But it wasn’t always this way. During the first thirty or so years, the foundation was run almost solely by board President Harold Daniels and followed by his son Bruce G Daniels. It seems what they wanted to fund, they funded. The board was comprised of a varying number of descendants of the 3 sons of Fred Harris Daniels, Harold, Clarence and Dwight. Sometimes spouses sat as well. Dwight’s son in law, William O Pettit, Jr. sat on the board for decades. There is some evidence that in the very early days it was solely the 3 sons.
During those middle years Bruce’s wife Janet sat solidly on the board, next to her husband (if not literally, but figuratively).
Janet was the fourth daughter of five children born in Minneapolis to a Congregational Minister (David Nelson Beach) and his wife. During most of his career they were at the Center Church on the Green in New Haven.
Bruce’s roommate at Yale was David Beach. Bruce met David’s sister Janet and the rest fell into place.
Janet went to Carlton College and then UCONN. She spent time studying at the MBL (Marine Biological Labs) in Woods Hole before meeting Bruce, not knowing that she would spend the rest of her life firmly connected to Woods Hole. She always had an interest in science and later she got the opportunity to support that interest through Foundation funding to the MBL and the Worcester Foundation for Experimental Biology. Janet was active on the board of the Higgins Armory and the DeCordova Museum as well.
Bruce and Janet’s children are Sarah, Judy, Ellie, Fred and Martha.
Daughter Sarah said of her mom : “Janet was opinionated, strong and competent”. Continuing “Mom taught me to sew and could pull together a meal rapidly.”
Janet and Bruce must have done something right because it was Sarah and Fred with their cousin Meridith Wesby who transitioned the foundation to the best practices driven funder that serves Worcester today.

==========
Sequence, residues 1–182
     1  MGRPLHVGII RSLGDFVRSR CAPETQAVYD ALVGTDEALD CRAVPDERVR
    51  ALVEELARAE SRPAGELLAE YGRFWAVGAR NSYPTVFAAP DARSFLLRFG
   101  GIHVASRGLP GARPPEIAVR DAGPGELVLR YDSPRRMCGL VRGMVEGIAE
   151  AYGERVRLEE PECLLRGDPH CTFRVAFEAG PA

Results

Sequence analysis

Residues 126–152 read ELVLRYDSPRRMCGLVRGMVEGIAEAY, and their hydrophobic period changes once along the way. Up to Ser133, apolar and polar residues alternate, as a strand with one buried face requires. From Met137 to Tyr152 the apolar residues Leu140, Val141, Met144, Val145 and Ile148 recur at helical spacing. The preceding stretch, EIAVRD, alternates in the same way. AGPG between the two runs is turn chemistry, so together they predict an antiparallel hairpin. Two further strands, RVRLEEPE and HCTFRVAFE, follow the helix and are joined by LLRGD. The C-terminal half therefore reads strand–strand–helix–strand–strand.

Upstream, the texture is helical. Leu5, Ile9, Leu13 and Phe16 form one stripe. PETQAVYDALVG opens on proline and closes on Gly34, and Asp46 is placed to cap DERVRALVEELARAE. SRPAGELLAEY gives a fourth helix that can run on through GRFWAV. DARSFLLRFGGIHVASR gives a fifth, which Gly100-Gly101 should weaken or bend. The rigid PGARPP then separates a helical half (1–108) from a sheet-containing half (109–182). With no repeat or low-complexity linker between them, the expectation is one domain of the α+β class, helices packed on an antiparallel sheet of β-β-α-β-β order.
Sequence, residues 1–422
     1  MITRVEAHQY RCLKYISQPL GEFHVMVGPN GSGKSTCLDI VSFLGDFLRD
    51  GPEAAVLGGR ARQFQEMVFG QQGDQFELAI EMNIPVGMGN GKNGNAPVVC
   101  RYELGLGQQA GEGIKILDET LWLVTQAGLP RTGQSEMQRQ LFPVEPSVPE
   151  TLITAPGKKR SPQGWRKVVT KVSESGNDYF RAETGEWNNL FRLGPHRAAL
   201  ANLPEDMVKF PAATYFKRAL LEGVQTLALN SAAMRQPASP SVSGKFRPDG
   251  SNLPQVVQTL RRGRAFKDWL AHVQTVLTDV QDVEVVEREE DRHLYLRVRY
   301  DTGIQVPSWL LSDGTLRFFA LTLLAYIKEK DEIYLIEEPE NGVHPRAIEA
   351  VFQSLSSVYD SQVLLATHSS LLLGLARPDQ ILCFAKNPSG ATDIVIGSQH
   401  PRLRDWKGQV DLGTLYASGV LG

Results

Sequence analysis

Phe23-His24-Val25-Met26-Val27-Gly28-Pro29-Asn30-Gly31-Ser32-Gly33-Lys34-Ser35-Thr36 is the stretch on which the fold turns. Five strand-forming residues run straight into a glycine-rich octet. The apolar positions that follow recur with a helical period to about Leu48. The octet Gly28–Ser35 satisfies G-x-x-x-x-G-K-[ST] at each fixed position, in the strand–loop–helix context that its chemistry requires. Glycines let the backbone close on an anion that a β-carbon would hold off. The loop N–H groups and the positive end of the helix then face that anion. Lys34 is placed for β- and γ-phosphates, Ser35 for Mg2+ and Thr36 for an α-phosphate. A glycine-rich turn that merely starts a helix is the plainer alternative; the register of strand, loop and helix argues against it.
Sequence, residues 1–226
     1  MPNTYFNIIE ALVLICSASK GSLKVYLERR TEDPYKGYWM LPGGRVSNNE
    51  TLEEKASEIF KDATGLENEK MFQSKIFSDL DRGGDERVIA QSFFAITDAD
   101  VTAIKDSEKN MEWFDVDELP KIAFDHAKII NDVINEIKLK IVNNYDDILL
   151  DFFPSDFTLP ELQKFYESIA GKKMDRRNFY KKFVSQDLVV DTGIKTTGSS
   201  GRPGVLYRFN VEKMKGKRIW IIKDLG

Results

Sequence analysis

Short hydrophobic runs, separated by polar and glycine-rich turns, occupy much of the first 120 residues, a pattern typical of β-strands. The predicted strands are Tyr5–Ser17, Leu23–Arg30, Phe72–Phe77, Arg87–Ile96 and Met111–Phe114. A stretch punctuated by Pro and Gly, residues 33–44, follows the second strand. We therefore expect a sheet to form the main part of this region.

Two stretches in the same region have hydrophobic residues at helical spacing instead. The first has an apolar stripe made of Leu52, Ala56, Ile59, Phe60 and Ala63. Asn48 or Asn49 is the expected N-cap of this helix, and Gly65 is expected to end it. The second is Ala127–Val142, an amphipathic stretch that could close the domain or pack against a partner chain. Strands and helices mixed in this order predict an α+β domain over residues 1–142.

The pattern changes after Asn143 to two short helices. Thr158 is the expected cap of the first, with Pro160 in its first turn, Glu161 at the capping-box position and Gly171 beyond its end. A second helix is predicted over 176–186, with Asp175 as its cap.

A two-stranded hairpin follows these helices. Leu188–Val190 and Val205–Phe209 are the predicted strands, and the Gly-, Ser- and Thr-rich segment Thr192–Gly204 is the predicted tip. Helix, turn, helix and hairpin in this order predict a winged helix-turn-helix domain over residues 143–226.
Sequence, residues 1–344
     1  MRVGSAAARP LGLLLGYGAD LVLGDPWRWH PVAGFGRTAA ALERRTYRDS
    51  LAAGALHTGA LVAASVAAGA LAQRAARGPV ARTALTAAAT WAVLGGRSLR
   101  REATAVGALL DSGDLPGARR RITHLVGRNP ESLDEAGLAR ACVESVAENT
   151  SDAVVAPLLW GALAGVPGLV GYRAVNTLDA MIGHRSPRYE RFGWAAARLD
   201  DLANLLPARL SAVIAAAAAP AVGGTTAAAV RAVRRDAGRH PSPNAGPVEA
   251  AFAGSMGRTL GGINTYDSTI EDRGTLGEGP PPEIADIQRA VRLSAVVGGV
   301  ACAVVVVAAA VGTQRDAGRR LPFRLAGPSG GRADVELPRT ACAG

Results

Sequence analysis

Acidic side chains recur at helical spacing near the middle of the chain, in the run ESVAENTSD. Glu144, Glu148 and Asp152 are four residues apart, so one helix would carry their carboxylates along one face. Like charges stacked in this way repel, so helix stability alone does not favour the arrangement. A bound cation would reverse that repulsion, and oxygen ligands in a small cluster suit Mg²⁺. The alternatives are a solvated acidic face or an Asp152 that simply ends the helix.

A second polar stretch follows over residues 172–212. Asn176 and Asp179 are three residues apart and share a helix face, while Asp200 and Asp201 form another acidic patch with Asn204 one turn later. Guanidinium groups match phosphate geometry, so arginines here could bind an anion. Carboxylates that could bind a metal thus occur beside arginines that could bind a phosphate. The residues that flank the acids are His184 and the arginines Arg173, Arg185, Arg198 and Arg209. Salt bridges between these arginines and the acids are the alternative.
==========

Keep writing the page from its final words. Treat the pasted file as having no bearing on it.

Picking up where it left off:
Program Spotlight: Worcester County Mechanics Association, Benefiting Mechanics Hall
One of the cornerstones of a solid program of any kind is intelligent diversity. How do you go about doing all the things you’re supposed to accomplish while also finding ways to stretch funds, needs and strengths a bit more to improve the greater whole? During the COVID pandemic, the Daniels foundation worked hard to encourage and help many various groups, organizations and regular people who were affected most directly, to find and utilize many diverse ways to secure the basic needs of the many. Food stocks, shelters, medical care and assistance outside of the many government programs were the immediate goal and with help from the foundation, Worcester and its people were able to start to stabilize in the face of an uncertain future.
One local icon known for its cultural and historic stronghold in the community is Mechanics Hall. Built in 1857, its founders and dedicated stewards have faced many tests of strength and resourcefulness over the years, but as we all know, the Covid pandemic was a horse of a different color. The distanced solitude and sheltered lifestyles that ensnared the populous of the world rendered the finest concert halls and theaters useless and vacant of their devoted followers. Worcester’s grand dame was no exception to this reality and the business behind the hall had to furlough all but 2 employees to tighten their belts for the lean and unknown times ahead.